For off-price retailer Stein Mart, the coronavirus crisis sent its already struggling business into an out-of-control tailspin.
On Wednesday, Stein Mart filed a voluntary Chapter 11 petition in a Jacksonville, Fla., bankruptcy court, detailing plans to “close a significant portion, if not all, of its brick-and-mortar stores” in a store closing and liquidation process that’s already underway.
Stein Mart said it’s considering strategic alternatives, such as a potential sale of its e-commerce business and related intellectual property assets.
“The combined effects of a challenging retail environment coupled with the impact of the coronavirus (COVID-19) pandemic have caused significant financial distress on our business. The Company has determined that the best strategy to maximize value will be a liquidation of its assets pursuant to an organized going out of business sale,” Hunt Hawkins, chief financial officer and CEO, said. “The Company lacks sufficient liquidity to continue operating in the ordinary course of business. I would like to thank all of our employees for their dedication and support.”
The 281-store chain has already let go most of its employees at its Jacksonville headquarters, which employed about 375 staff members. Another 8,500 store associates were furloughed when discretionary stores temporarily closed in mid-March. Though all of Stein Mart’s stores had reopened by June 15 with reduced hours, not all store associates were called back.
On June 30, the company reported first-quarter results for the period ended May 2, which showed a net loss of $65.7 million, or $1.38 a diluted share, against net income of $4.0 million, or 8 cents, on a 57.3 percent drop in net sales to $134.3 million. The report included a $10.3 million in non-cash long-lived asset impairment charges.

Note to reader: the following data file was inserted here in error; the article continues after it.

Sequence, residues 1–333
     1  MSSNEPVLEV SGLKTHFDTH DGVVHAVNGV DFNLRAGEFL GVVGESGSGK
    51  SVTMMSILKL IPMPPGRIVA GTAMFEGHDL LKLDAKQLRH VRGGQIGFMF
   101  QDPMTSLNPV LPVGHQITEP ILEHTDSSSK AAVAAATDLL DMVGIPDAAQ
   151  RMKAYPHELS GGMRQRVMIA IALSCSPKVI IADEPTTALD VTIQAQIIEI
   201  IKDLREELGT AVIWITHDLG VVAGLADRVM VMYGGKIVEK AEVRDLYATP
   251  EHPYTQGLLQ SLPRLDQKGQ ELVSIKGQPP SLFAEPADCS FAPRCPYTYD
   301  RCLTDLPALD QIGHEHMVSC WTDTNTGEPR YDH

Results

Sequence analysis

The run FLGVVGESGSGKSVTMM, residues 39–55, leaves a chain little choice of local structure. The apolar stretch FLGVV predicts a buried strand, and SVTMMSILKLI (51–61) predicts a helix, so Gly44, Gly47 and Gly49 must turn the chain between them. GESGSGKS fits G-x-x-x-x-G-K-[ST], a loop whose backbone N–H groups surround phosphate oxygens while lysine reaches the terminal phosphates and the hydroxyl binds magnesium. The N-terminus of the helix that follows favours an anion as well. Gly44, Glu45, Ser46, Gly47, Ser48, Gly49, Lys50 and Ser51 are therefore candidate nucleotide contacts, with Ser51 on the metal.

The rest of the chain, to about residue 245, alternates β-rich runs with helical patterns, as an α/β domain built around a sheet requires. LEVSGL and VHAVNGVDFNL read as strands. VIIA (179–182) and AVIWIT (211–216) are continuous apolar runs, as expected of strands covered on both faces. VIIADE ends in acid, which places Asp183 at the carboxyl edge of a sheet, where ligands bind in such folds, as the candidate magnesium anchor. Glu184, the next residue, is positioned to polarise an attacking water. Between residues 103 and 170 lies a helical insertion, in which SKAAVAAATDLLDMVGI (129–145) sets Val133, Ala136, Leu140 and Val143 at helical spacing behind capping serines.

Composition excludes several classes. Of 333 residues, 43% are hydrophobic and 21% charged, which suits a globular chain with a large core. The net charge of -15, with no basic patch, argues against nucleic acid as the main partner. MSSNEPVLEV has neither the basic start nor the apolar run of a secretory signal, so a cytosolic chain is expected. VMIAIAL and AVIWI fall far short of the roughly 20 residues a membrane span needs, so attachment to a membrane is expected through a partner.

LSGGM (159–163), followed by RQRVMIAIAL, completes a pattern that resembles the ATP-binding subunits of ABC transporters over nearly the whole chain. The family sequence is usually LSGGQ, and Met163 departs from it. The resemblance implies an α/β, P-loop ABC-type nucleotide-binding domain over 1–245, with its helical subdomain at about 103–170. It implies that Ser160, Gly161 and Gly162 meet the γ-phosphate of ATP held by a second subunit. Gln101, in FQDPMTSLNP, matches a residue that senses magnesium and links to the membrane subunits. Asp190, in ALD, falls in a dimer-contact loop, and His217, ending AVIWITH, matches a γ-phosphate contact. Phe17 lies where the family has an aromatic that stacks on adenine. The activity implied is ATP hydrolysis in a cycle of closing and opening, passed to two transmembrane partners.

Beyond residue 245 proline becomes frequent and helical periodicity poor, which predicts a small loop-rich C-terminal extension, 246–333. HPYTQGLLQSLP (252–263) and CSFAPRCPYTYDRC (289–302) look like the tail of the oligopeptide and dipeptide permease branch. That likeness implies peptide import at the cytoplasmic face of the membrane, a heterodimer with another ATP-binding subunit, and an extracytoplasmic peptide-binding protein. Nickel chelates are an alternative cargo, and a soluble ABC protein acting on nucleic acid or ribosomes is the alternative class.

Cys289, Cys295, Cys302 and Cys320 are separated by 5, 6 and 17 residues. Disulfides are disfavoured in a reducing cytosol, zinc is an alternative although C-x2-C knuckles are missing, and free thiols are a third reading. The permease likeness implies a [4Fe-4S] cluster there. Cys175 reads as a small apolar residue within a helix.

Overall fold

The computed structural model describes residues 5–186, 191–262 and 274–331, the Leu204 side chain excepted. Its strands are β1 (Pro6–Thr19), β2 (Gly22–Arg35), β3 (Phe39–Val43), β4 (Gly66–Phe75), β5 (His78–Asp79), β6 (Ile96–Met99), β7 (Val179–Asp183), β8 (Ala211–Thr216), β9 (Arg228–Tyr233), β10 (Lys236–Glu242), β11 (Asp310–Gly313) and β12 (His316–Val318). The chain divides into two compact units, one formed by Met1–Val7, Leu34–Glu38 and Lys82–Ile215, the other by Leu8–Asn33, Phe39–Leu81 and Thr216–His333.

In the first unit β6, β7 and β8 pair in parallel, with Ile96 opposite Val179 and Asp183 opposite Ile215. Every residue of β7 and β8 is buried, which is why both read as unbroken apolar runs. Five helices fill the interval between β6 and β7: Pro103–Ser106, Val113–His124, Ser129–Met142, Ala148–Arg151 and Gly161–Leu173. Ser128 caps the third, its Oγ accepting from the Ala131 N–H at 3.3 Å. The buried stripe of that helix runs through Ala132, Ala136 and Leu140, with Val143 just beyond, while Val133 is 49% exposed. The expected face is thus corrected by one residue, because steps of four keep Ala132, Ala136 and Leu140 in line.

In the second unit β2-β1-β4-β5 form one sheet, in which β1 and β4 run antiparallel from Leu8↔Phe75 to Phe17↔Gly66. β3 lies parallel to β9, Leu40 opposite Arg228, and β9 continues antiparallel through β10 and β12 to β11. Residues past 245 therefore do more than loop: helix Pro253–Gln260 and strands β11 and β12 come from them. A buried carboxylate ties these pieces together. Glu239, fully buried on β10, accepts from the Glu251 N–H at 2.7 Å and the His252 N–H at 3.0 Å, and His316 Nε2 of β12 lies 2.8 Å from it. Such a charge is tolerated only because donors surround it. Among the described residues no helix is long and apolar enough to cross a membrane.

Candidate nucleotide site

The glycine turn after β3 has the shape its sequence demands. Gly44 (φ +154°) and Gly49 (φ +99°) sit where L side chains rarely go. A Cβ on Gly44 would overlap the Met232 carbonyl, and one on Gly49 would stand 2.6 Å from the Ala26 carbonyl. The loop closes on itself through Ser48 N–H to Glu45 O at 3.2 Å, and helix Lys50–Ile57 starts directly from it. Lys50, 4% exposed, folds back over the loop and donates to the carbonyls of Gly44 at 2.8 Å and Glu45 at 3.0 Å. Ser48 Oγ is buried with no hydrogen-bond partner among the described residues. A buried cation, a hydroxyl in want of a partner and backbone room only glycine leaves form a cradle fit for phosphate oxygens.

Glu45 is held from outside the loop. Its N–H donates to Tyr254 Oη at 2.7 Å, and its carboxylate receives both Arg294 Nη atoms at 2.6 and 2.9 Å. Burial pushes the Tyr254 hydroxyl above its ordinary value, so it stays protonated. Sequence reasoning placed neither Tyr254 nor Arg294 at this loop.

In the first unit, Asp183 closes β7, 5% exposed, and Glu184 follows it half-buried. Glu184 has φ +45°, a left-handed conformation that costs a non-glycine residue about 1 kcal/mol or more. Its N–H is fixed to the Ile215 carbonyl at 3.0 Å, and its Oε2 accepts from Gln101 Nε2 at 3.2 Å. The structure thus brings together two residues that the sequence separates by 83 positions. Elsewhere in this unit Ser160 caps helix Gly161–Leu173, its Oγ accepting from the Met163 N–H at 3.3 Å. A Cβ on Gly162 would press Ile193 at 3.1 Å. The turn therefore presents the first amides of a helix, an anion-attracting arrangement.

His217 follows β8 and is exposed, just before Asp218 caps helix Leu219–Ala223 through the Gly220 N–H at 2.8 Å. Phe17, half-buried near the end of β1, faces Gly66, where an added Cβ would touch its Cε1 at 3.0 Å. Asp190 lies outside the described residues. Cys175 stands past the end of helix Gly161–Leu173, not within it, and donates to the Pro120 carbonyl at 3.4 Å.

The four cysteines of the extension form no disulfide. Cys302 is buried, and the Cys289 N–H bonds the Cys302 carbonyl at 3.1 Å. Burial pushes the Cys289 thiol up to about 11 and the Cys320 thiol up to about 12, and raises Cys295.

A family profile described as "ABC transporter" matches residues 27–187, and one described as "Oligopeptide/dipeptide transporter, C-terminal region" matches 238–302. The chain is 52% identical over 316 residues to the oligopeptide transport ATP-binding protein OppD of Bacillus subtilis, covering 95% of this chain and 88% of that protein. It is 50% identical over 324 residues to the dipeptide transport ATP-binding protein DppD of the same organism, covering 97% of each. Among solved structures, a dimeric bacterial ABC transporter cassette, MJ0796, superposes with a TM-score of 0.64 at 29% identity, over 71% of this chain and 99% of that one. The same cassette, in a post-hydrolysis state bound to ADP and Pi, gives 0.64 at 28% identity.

“As our stores re-opened, we have seen traffic steadily increase and omnichannel sales remain strong. However, while sales are exceeding our expectations, they continue to be down to last year and we expect it will take some time for them to fully recover. COVID-19 has put a strain on our credit facilities, as we are borrowing seasonally higher amounts to cover cash shortfalls from lower sales,” Hawkins said at the time of the earnings report.
The company also warned in mid-June that Covid-19’s economic impact raised substantial doubt about its ability to continue as a going concern over the next 12 months.
Stein Mart had been exploring its strategic options and was in talks to sell itself. This past January, it had entered into an agreement to merge with an affiliate of Kingswood Capital Management, but that deal was called off on April 16 after the coronavirus outbreak scrambled the economic outlook.
Other retailers also are on the watch list of many credit analysts, such as J.Jill Group., which could see another extension of its two forbearance agreements. Separately, Canadian retailer Le Château has warned that it too may not be able to stay in business. Last Friday when it reported first-quarter results, the Canadian retailer said it has reached agreements with landlords regarding COVID-19 rent obligations. And while it has amended certain terms of its financial agreements, there’s no guarantee it will be able to complete a refinance if it needed to do so. The retailer said management is “evaluating its alternatives” as the pandemic has also “further strained the company’s ability to return to profitability.” For the quarter ended April 25, the net loss widened to 13.4 million Canadian dollars ($10.1 million) from a loss of 10.8 million Canadian dollars ($8.2 million) a year ago on a 51.0 percent decline in net sales to 17.7 million Canadian dollars ($13.4 million).